It has been a “R200-million legislated subsidy to the financial press”, according to business media expert Reg Rumney, and now it is over. Some stakeholders are relieved that listed companies are no longer obliged to spend fortunes on financial ads in the national daily business press. But those at the helm of these newspapers are reeling as they are left with a massive shortfall.
Business Day, for one, has used this as impetus to develop new multimedia packages to preserve as much of those corporate funds as possible. Ince, the company that created most of the ads for the corporates, has changed its focus. Sake24 is developing alternative revenue options and a new business model.
Although some say that the amount they were earning was not as much as R200 million and others claim it was around R264 million, it was the biggest single revenue spinner for these newspapers.
Since 1967, all companies listed on the Johannesburg Stock Exchange (JSE) were legally obliged to publish any “price sensitive information”, including their financial results, in two national dailies. One had to be in English and the other could be in any other national language, which generally meant Afrikaans.
For many years this was easy money for the biggest English business daily, Business Day, and, in the Afrikaans sector, Sake24 (which goes out in Beeld, Die Burger and Volksblad). A few other newspapers, such as the Citizen and Business Report, also scored but not nearly as much.
Publisher and editor-in-chief of Business Day Peter Bruce says, “It was a matter of just taking orders. We didn’t even have to try and sell them.”
For at least 10 years there has been a lobby against this business newspaper “slush fund”. One of its biggest rivals was acclaimed business journalist and founder of Moneyweb, Alec Hogg. Rumney says that Hogg’s argument was that this rule “channelled a lot of money into a duopoly, squeezing out small competitors such as Moneyweb”. Rumney adds, “It is true that any business that relies on one single source of revenue is vulnerable. The demise of the Sunday Express after it lost its property advertising is a case in point.”
When the news broke that the rule was changing, Hogg wrote in his Moneyweb blog: “Technology, or more specifically the internet, long ago made this (legislated financial newspaper ads) redundant. Exchanges in the rest of the world abandoned this archaic rule before the turn of the century.”
Back in 2003, when the JSE was under the leadership of Russell Laubscher, Judge Johann Kriegler was commissioned to chair a seminar to discuss changing the rules.
Hogg describes this in his blog: “Lined up on the one side of the room were rows of newspaper executives, some of whom had spent months building their case to retain the subsidy. One after another they took to the podium. They proclaimed falsely, even then, that financial adverts in newspapers were a lifeblood for investors (their own research shows 100% of the adverts are not read, but who needs facts when gazillions are at stake?) and was critical for ‘transparency’ among listed companies.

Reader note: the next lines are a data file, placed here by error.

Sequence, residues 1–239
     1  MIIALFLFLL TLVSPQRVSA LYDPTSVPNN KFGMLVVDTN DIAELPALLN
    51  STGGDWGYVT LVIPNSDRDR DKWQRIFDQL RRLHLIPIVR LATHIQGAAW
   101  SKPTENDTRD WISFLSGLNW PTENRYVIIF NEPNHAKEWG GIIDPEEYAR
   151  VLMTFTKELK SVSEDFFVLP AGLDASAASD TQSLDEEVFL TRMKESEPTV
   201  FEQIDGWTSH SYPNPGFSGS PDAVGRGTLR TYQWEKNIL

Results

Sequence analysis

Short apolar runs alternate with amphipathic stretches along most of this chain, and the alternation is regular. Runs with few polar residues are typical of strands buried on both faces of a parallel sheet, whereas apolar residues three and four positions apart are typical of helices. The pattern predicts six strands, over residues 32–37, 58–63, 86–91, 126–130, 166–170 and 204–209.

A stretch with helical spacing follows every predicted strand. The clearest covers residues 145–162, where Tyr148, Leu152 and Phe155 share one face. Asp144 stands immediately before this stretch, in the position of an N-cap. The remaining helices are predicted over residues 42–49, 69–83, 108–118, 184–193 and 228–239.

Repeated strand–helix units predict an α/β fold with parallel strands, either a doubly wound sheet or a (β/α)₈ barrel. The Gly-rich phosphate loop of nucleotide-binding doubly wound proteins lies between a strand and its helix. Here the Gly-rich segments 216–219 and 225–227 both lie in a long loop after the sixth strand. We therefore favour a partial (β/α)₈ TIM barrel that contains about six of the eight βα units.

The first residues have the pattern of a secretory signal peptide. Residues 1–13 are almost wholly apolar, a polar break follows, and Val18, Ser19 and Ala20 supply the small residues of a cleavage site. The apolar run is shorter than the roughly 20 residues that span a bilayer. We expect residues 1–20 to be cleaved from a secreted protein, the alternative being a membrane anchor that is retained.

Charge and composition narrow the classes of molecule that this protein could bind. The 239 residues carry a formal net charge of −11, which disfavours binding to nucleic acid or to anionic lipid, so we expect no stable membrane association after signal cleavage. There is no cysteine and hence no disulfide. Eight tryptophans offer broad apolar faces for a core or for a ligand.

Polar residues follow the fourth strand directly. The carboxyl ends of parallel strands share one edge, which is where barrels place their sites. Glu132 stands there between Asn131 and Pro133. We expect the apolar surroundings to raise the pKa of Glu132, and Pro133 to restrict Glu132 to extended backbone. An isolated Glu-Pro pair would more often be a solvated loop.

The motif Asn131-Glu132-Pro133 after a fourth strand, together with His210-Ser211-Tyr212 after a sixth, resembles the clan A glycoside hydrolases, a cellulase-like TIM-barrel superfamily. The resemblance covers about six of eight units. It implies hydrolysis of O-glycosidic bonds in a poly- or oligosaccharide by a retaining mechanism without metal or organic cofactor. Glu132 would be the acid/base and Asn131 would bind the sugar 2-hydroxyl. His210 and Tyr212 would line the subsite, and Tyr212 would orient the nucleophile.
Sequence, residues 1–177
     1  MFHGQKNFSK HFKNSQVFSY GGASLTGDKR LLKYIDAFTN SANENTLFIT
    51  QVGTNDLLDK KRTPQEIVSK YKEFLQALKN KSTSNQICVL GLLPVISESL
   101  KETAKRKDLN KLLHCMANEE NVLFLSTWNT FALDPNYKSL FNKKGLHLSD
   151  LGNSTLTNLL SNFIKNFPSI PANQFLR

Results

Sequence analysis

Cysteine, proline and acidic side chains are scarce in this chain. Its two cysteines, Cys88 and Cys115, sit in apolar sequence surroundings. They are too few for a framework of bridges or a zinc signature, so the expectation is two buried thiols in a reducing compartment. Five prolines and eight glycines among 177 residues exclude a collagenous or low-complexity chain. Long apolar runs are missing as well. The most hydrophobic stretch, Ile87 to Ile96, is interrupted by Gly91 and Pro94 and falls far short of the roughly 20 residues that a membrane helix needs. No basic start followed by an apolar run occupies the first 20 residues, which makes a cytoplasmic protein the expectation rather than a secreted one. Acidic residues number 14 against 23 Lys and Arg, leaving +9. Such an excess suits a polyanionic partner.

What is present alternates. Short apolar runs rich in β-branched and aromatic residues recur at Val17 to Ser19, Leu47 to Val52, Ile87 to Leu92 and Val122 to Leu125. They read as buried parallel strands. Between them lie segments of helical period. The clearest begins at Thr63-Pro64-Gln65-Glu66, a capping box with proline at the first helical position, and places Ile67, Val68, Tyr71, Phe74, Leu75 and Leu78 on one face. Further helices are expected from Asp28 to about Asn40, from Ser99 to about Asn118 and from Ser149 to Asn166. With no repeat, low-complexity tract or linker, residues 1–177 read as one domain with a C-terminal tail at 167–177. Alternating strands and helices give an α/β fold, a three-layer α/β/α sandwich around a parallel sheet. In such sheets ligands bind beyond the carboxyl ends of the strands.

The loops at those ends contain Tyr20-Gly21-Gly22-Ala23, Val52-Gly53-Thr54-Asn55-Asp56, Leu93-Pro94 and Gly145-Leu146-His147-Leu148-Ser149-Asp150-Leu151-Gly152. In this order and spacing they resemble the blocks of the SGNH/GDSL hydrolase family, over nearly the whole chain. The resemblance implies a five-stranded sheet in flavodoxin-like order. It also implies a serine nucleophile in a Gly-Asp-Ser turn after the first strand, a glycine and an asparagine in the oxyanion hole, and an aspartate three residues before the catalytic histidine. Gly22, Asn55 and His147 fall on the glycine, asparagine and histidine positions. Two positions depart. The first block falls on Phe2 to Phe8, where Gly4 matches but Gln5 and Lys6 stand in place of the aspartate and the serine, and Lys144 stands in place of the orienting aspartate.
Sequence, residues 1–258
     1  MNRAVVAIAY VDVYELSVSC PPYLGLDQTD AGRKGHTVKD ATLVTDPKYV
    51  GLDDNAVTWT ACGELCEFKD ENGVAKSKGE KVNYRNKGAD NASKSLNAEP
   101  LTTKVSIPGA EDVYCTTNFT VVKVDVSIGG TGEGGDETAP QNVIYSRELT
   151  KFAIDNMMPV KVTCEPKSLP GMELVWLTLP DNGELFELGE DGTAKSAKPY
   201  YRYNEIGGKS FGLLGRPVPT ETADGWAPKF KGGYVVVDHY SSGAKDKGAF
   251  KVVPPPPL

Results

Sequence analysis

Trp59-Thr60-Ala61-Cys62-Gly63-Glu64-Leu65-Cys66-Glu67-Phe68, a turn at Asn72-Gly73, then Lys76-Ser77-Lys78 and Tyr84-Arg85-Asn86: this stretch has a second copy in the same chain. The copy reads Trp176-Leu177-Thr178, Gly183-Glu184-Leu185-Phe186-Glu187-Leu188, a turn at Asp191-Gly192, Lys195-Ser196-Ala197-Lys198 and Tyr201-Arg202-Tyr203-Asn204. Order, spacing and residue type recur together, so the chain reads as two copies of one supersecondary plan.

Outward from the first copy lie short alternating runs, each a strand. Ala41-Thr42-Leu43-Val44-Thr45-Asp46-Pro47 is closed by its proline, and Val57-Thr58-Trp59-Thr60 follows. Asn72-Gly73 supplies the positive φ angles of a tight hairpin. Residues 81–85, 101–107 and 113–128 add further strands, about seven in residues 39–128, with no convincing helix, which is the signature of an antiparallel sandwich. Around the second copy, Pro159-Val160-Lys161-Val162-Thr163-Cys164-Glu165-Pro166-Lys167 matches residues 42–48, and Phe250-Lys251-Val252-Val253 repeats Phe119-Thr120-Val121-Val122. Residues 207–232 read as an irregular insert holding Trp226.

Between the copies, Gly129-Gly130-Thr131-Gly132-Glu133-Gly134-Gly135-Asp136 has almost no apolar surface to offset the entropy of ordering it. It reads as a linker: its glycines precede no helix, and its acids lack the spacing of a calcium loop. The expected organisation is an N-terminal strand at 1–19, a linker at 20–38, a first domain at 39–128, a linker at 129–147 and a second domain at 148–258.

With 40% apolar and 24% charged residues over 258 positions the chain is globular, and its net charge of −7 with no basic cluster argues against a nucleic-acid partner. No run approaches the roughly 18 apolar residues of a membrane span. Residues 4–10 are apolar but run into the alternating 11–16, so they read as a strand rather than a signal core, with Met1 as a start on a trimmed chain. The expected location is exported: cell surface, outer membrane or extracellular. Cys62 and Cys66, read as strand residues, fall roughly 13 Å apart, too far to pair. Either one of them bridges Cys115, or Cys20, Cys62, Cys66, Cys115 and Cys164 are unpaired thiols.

“Against them was my sole voice, stridently arguing this JSE requirement was effectively a legislated subsidy. That instead of supporting South African financial journalism, it hampered its development. By forcing the available advertising money into a tiny, protected duopoly, only crumbs were left for innovative, emerging businesses like our fledgling Moneyweb and other wanna-be competitors.”
Bruce says, “The problem disappeared then. But newspaper management were far too lackadaisical after that, including BDFM, and cranked up prices without giving added value to clients. We should have done things differently.”
But shortly after Nicky Newton-King took over as CEO of the JSE at the beginning of 2012, she made it known that this was going to be challenged.
Bruce says that in May last year, BDFM was presented with a draft of the new rules and “we were told that there would be one month of consultation and the rules would be implemented”.
Newspaper chiefs made representations but, says Bruce, “one or two days after the beginning of June, it was announced that the new rules were to be implemented in January 2013”.
Alban Atkinson, owner and managing director of Ince, explains that last year the Financial Services Board (FSB) took this on and acknowledged that these rules could be changed. According to sources, the JSE hid behind the mandate of the FSB and when a delegation from the print media tried to challenge this, they were told they were not entitled to do so.
Many in the industry say the media was simply not well organised and wasn’t united in fighting this. Others said simply that the JSE “outmanoeuvred” everyone.
The new rules still make it obligatory for listed companies to publish the information but only in one language and they don’t have use the national press. Also, they can do short form announcements.